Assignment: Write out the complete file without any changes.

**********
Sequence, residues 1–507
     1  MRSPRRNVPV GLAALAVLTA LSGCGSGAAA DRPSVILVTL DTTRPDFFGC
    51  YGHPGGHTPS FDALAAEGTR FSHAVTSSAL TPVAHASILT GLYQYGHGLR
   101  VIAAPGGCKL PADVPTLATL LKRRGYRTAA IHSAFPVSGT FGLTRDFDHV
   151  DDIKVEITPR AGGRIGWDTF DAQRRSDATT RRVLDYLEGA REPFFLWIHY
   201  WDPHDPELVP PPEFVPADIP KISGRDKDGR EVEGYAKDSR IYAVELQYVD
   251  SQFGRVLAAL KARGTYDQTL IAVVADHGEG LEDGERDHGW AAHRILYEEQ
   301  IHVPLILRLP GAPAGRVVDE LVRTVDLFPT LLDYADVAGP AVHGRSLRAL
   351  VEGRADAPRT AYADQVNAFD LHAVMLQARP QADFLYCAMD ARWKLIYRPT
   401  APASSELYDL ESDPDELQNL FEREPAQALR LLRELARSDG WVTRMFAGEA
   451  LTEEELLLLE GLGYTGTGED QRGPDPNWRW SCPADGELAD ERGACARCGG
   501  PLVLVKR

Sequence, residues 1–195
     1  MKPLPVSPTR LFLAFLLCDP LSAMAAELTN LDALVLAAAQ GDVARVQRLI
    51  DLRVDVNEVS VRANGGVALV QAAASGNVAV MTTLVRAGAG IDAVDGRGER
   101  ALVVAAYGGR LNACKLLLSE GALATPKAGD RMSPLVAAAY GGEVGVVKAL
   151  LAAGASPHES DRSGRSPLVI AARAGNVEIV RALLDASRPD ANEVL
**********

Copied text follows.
Sequence, residues 1–507
     1  MRSPRRNVPV GLAALAVLTA LSGCGSGAAA DRPSVILVTL DTTRPDFFGC
    51  YGHPGGHTPS FDALAAEGTR FSHAVTSSAL TPVAHASILT GLYQYGHGLR
   101  VIAAPGGCKL PADVPTLATL LKRRGYRTAA IHSAFPVSGT FGLTRDFDHV
   151  DDIKVEITPR AGGRIGWDTF DAQRRSDATT RRVLDYLEGA REPFFLWIHY
   201  WDPHDPELVP PPEFVPADIP KISGRDKDGR EVEGYAKDSR IYAVELQYVD
   251  SQFGRVLAAL KARGTYDQTL IAVVADHGEG LEDGERDHGW AAHRILYEEQ
   301  IHVPLILRLP GAPAGRVVDE LVRTVDLFPT LLDYADVAGP AVHGRSLRAL
   351  VEGRADAPRT AYADQVNAFD LHAVMLQARP QADFLYCAMD ARWKLIYRPT
   401  APASSELYDL ESDPDELQNL FEREPAQALR LLRELARSDG WVTRMFAGEA
   451  LTEEELLLLE GLGYTGTGED QRGPDPNWRW SCPADGELAD ERGACARCGG
   501  PLVLVKR

Sequence, residues 1–195
     1  MKPLPVSPTR LFLAFLLCDP LSAMAAELTN LDALVLAAAQ GDVARVQRLI
    51  DLRVDVNEVS VRANGGVALV QAAASGNVAV MTTLVRAGAG IDAVDGRGER
   101  ALVVAAYGGR LNACKLLLSE GALATPKAGD RMSPLVAAAY GGEVGVVKAL
   151  LAAGASPHES DRSGRSPLVI AARAGNVEIV RALLDASRPD ANEVL